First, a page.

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Baseball Origin Controversy

Based on old American folklore, baseball's storied invention was by a young West Point cadet named Abner Doubleday. In the summer of 1839, in Cooperstown, New York, Doubleday supposedly started the game of baseball. Because of numerous types of baseball, or rather games similar to it, the origin of the game has been disputed for decades by sports historians all over the world. In 1839, in Cooperstown, New York, Doubleday supposedly started the game of baseball. Doubleday, also a famous Union general during the Civil War, was said to be the inventor of baseball by Abner Graves, an elderly minor from New York. In response to the question of where baseball first originated, major league owners summoned a committee in 1907. Abner Graves stepped before the committee and gave his testimony. In Graves' account of "the first game," the Otsego Academy and Cooperstown's Green's Select School played against one another in 1839. Committeeman Albert G. Spalding, the founder of Spalding's Sporting Goods, favored Graves' declaration and convinced the other committeemen that Grave's account was true. As a result, in 1939, the committee and the State of New York named Cooperstown and Abner Doubleday as the birthplace and the inventor.

Today, many baseball historians still doubt the testimony of Abner Graves. Historians say the story came from the creative memory of one very old man and way spread by a super patriotic sporting goods manufacturer, determined to prove that baseball was a wholly American invention. According to Doubleday's diary, he was not plying baseball in Cooperstown, but attending school at West Point on that day in 1839. Also, historians have found that nowhere in Doubleday's diary has he ever "claimed to have had anything to do with baseball, and may never have even send a game." this leads many to the conclusion that Abner Doubleday did not invent baseball, but it is still a disputed and active issue. Sports Historians have presented impressive evidence showing that American baseball, far from being an independent invention, evolved out of various ball and stick games that had been played in many areas of the world since the beginning of recorded history. But in early America, precursors of baseball included informal games of English origin such as paddleball, trap ball, rounders, and town ball. The latter was a popular game in colonial New England and was played by adults and children with a bat and ball on an open field.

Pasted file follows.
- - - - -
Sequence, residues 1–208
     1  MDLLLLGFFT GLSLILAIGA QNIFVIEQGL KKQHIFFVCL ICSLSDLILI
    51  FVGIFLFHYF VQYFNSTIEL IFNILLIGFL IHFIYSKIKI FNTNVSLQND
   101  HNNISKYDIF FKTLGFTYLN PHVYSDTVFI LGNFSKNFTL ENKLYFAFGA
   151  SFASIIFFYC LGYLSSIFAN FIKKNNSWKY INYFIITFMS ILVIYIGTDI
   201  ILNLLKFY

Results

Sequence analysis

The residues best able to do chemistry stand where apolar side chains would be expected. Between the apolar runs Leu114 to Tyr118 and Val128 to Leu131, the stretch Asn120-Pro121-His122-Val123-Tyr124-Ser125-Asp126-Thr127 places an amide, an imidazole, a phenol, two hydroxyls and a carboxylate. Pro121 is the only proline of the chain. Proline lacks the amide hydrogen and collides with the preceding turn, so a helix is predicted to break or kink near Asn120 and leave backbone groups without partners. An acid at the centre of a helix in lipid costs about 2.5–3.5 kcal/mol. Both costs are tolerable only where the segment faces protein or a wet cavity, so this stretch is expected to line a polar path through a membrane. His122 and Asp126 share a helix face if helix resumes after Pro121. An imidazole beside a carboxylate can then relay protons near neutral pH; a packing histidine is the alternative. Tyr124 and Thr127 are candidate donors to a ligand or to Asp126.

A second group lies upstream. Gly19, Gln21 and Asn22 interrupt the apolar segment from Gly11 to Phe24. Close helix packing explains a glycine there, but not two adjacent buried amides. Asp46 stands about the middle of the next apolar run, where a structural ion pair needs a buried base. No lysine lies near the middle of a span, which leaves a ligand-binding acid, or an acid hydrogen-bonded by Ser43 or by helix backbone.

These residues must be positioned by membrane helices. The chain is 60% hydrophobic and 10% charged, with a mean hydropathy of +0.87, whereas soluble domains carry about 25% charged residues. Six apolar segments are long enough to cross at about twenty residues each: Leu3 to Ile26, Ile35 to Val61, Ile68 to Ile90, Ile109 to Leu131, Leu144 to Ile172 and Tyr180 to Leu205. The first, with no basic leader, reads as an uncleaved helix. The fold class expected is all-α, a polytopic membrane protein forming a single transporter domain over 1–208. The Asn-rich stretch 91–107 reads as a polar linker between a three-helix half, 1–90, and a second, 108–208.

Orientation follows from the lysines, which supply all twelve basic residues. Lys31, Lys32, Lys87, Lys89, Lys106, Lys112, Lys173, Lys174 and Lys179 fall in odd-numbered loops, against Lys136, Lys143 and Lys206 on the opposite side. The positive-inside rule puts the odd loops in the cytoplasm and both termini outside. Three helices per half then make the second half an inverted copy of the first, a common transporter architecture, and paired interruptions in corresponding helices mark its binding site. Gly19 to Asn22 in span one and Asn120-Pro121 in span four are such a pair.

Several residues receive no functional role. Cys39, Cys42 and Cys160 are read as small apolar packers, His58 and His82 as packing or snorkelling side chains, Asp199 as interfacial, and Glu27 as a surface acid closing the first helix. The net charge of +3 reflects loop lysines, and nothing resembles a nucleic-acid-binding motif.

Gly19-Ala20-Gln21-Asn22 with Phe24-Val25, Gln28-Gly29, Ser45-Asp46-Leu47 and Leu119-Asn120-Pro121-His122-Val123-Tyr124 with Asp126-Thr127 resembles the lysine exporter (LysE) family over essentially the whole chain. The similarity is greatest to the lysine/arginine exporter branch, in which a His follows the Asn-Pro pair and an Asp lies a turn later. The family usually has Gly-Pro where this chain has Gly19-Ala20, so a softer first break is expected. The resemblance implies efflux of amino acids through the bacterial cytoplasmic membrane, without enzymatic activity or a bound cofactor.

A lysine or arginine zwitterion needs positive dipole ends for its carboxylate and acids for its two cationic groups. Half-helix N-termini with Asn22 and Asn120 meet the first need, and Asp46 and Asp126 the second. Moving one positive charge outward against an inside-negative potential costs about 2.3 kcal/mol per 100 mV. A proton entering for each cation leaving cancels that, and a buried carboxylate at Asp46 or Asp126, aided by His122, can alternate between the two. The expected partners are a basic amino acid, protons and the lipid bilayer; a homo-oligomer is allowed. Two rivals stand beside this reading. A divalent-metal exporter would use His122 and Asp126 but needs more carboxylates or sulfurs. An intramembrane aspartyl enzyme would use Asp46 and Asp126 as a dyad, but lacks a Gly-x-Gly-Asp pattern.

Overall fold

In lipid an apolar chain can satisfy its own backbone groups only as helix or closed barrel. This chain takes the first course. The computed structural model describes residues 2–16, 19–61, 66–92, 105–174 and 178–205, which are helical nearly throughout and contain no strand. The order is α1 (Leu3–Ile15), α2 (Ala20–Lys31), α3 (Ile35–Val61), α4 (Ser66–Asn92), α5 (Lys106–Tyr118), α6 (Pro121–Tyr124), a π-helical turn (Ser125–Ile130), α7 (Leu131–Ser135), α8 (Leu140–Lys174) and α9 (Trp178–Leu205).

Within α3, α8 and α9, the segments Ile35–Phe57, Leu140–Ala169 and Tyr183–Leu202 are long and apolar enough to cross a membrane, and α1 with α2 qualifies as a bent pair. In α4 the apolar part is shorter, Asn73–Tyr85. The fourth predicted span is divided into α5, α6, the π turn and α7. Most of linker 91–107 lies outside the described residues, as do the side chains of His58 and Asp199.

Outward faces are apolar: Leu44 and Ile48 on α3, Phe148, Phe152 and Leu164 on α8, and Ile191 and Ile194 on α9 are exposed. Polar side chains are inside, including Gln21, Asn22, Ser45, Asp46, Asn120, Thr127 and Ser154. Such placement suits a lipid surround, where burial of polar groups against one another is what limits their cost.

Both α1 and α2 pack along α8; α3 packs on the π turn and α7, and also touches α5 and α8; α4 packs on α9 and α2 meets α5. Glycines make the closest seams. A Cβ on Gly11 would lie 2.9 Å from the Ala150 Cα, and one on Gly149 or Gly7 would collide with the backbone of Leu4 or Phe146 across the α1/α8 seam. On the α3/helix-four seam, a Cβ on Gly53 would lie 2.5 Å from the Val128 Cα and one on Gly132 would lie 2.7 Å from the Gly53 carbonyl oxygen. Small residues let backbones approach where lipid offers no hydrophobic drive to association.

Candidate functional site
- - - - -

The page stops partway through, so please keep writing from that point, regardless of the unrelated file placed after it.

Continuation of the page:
Printed references to "base ball" in America date back to the eighteenth century. Among these accounts is one of Albigence Waldo, a surgeon with George Washington's troops at Valley Forge who told stories of soldiers batting balls and running bases in their free time. Similarly in 1834 Robin Carver's Book of Sports related that an American version of rounders called "base" or "goal ball" was rivaling cricket in popularity among Americans. Indeed, cricket played a role in the evolution or organized baseball. From this British game came umpires and innings, and early baseball writers like Henry Chadwick used cricket terminology such as "batsman", "playing for the side", and "excellent field" in describing early baseball games. Likewise, the pioneer baseball innovator Harry Wright, a cricket professional turned baseball manager, drew heavily on his cricket background in promoting baseball as a professional team sport in the United States.

By the 1840's various forms of baseball vied for acceptance, including the popular Massachusetts and New York versions of the game. The Massachusetts game utilized an irregular four-sided field of play, with four bases located at fixed, equidistance from each other and the "striker's" or batter's position away from the home base. "Scouts," or fielders, put men out by fielding a batted ball on the fly or on the first bounce, or by hitting a runner with a thrown ball. But this version of the game was overshadowed in the late 1840's by the "New York game," a popular version of which was devised by the members of the New York Knickerbockers Club. Organized in 1845 by a band of aspiring gentlemen and baseball enthusiasts, the Knickerbockers version was devised by one their members, Alexander J. Cartwright. Cartwright prescribed a diamond-shaped infield with bases at 90 feet apart, a standard still used today. the pitching distance was set at 45 feet from the home base, and a pitcher was required to "pitch" a ball in a stiff-armed, underhanded fashion. The three-strikes-are-out rule was adopted, and a batter could also be put out by a fielder catching a batted ball in the air, or on the first bounce, or by thawing a fielded ball to the first baseman before the runner arrived. Other innovations included the nine man team and three outs ending a team's batting in their half on an inning. Thus Cartwright's version of baseball became the basis of the game as presently played. Over the years, other innovations were added, including the nine inning standard for games, changes in the pitching distance, and so on. On June 19, 1846, in Hoboken, New Jersey, the first organized baseball game was played by the New York Nine and the New York Knickerbockers.

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